origin commonly occur throughout the diocese of Bayeux; sometimes alone
and undisguised, but more frequently in composition. Thus, in _Estelan_,
you will have little difficulty in recognizing _East-land: Cape la
Hogue_ will readily suggest the idea of a lofty promontory; its
appellation being derived from the German adjective, _hoch_, still
written _hoog_, in Flemish: the Saxon word for the Almighty enters into
the family names of _Argot_, _Turgot_, _Bagot_, _Bigot_, &c.; and, not
to multiply examples, the quaking sands upon the sea-shore are to the
present hour called _bougues_, an evident corruption of our own word

When, towards the middle of the same century, the Saxons were succeeded
by the Normans, the country about Bayeux was one of the districts that
suffered most from the new invaders. Two bishops of the see, Sulpitius
and Baltfridus, were murdered by the barbarians; and Bayeux itself was
pillaged and burned, notwithstanding the valiant resistance made by the
governor, Berenger. This nobleman, who was count of the Bessin, was
personally obnoxious to Rollo, for having refused him his daughter, the
beautiful Poppea, in marriage. But, on the capture of the town, Poppea
was taken prisoner, and compelled to share the conqueror's bed. Bayeux
arose from its ruins under the auspices of Botho, a Norman chieftain, to
whom Rollo was greatly attached, and who succeeded to the honors of
Berenger. By him the town was rebuilt, and filled with a Norman
population, the consequence of which was, according to Dudo of St.
Quintin, that William Longa-Spatha, the successor of Rollo, who hated
the French language, sent his son, Duke Richard, to be educated at
Bayeux, where Danish alone was spoken. And the example of the Duke
continued for some time to be imitated by his successors upon the
throne; so that Bayeux became the academy for the children of the royal
family, till they arrived at a sufficient age to be removed to the
metropolis, there to be instructed in the art of government.

The dignity of Count of the Bessin ceased in the reign of William the
Conqueror, in consequence of a rebellion on the part of the barons,
which had well nigh cost that sovereign his life. From that time, till
the conquest of Normandy by the French, the nobleman, who presided over
the Bessin, bore the title of the king's viscount; and, under this
name, you will find him the first cited among the four viscounts of
Lower Normandy, in the famous parliament of all the barons of this part
of the duchy, convened at Caen by Henry IInd, in 1152.--When Philip
Augustus gained possession of Normandy, all similar appointments were
re-modelled, and viscounts placed in every town; but their power was
restricted to the mere administration of justice, the rest of their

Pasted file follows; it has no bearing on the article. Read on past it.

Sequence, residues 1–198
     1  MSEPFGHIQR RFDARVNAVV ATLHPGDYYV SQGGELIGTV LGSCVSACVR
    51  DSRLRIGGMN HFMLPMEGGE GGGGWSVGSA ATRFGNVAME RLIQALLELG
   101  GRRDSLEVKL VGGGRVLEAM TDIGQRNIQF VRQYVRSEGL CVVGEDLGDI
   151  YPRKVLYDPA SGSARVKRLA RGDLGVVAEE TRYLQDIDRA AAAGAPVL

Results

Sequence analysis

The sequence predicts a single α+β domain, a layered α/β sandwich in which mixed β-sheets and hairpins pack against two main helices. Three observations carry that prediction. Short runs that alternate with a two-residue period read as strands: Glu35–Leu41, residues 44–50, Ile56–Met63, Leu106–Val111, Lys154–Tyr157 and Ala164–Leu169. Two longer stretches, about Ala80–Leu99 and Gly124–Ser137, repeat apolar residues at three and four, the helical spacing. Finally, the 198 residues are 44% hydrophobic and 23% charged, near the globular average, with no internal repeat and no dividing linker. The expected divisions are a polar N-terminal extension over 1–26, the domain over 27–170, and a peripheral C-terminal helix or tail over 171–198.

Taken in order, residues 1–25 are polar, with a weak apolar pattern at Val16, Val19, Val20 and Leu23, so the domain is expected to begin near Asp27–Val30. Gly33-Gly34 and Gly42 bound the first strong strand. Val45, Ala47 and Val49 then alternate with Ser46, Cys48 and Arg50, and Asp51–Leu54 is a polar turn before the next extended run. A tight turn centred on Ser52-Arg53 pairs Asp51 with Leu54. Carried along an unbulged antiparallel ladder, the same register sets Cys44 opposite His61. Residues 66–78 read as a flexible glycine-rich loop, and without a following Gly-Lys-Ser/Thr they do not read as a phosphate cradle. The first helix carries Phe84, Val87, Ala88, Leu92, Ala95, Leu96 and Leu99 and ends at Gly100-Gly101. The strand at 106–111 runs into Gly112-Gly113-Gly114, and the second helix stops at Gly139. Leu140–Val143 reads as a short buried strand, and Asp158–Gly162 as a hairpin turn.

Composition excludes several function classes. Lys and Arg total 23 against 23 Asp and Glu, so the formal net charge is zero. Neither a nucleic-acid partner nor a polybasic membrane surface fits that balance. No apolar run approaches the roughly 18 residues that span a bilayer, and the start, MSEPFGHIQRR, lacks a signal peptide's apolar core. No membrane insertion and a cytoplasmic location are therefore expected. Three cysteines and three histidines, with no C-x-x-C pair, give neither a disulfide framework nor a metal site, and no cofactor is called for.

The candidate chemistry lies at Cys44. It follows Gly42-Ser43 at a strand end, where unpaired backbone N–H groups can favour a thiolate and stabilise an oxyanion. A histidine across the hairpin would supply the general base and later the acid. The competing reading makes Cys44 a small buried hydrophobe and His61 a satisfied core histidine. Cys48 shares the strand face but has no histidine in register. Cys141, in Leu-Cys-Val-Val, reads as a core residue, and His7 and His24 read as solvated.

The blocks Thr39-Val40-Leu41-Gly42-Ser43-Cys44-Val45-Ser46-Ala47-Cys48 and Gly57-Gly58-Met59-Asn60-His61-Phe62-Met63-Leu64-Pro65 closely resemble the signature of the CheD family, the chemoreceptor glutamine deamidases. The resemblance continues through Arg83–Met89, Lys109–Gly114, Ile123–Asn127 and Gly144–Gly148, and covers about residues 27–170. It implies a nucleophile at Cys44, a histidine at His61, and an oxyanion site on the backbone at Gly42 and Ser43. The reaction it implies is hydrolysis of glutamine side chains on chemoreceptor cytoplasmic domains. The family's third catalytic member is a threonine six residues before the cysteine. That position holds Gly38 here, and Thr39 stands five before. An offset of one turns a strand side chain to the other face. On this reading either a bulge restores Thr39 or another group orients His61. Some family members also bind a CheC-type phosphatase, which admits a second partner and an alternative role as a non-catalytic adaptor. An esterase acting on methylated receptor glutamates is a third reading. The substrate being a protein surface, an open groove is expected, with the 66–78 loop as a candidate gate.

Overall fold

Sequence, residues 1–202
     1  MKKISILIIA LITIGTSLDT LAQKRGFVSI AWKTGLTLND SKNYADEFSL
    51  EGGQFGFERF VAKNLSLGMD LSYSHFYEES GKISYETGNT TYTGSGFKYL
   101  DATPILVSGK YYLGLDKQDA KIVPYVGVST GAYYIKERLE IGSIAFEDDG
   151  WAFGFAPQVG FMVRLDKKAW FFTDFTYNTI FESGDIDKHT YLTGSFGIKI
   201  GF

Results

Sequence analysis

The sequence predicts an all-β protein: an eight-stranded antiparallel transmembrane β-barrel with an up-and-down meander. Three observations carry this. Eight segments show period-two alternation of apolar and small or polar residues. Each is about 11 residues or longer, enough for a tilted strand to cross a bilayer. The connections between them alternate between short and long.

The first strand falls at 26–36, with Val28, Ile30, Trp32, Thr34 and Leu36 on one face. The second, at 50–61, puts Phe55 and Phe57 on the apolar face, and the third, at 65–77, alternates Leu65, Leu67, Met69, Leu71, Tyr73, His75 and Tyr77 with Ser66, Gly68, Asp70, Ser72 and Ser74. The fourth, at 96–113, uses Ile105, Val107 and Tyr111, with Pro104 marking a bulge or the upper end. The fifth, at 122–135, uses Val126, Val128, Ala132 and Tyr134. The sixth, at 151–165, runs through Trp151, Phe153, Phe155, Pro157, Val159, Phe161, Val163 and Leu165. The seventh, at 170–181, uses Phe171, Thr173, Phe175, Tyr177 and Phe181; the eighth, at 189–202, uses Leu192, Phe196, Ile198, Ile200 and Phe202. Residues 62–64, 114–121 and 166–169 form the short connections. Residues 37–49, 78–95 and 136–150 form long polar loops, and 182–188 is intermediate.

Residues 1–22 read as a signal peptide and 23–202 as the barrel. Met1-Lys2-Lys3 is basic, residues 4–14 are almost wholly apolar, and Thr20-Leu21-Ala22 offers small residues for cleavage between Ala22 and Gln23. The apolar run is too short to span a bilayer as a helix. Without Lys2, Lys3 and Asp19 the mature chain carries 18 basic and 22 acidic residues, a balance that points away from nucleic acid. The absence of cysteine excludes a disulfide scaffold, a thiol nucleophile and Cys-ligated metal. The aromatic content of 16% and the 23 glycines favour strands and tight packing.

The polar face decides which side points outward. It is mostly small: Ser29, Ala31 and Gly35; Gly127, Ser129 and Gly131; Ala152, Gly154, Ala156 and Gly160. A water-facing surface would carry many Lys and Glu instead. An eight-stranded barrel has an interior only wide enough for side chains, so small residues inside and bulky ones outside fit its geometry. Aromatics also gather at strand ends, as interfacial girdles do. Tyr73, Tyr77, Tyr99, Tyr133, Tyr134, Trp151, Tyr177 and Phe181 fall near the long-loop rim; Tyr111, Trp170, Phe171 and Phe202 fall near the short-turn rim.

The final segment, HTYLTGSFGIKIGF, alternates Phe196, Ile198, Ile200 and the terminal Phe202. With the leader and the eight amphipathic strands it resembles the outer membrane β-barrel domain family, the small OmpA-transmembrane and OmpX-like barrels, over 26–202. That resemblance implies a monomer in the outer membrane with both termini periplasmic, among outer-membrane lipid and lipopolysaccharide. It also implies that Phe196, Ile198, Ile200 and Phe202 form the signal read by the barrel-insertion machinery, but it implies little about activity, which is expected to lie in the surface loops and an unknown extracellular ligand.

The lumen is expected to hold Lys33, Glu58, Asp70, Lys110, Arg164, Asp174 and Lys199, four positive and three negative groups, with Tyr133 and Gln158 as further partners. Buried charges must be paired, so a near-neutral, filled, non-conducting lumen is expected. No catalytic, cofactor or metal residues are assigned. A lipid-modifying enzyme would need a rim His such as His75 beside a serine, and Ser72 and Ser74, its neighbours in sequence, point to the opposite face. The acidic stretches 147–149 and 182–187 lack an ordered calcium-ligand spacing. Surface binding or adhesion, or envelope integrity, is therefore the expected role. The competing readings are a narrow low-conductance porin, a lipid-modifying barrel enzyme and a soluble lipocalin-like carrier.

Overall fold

privileges being transferred to a new description of officers, who were
then created, with the name of bailiffs. The bailiwicks assigned to
these bore no reference to the ancient divisions of the duchy; but the
territorial partition made at that time, has ever since been preserved,
and Caen, which was honored by Philip with a preference over Bayeux,
continues to the present day to retain the pre-eminence.

After these troubles, Bayeux enjoyed a temporary tranquillity; and,
according to the celebrated historical tapestry and to the _Roman de
Rou_, this city was selected for the place at which William the
Conqueror, upon being nominated by Edward, as his successor to the crown
of England, caused Harold to attend, and to do homage to him in the name
of the nation. The oath was taken upon a missal covered with cloth of
gold, in the presence of the prelates and grandees of the duchy; and the
reliques of the saints were collected from all quarters to bear witness
to the ceremony. Bayeux was also the spot in which Henry Ist was
detained prisoner by his eldest brother, and it suffered for this
unfortunate distinction; for Henry had scarcely ascended the English
throne, when, upon a shallow pretext, he advanced against the city, laid
siege to it, and burned it to the ground; whether moved to this act of
vengeance from hatred towards the seat of his sufferings, or to satisfy
the foreigners in his pay, whom the length of the siege had much
irritated. He had promised these men the pillage of the city, and he
kept his word; but the soldiers were not content with the plunder: they
set fire to the town, and what had escaped their ravages, perished in
the flames.[84] In 1356, under the reign of Edward IIIrd, Bayeux
experienced nearly the same fate from our countrymen; and in the
following century it again suffered severely from their arms, till the
decisive battle of Formigny, fought within ten miles of the city,
compelled Henry VIth to withdraw from Normandy, carrying with him
scarcely any other trophies of his former conquests, than a great
collection of Norman charters, and, among the rest, those of Bayeux,
which are to this hour preserved in the tower of London.

During the subsequent wars occasioned by the reformation, this town bore
its share in the common sufferings of the north of France. The horrors
experienced by other places on the occasion were even surpassed by the
outrages that were committed at Bayeux; but it is impossible to enter
into details which are equally revolting to decency and to humanity.

Of late years, Bayeux has been altogether an open town. The old castle,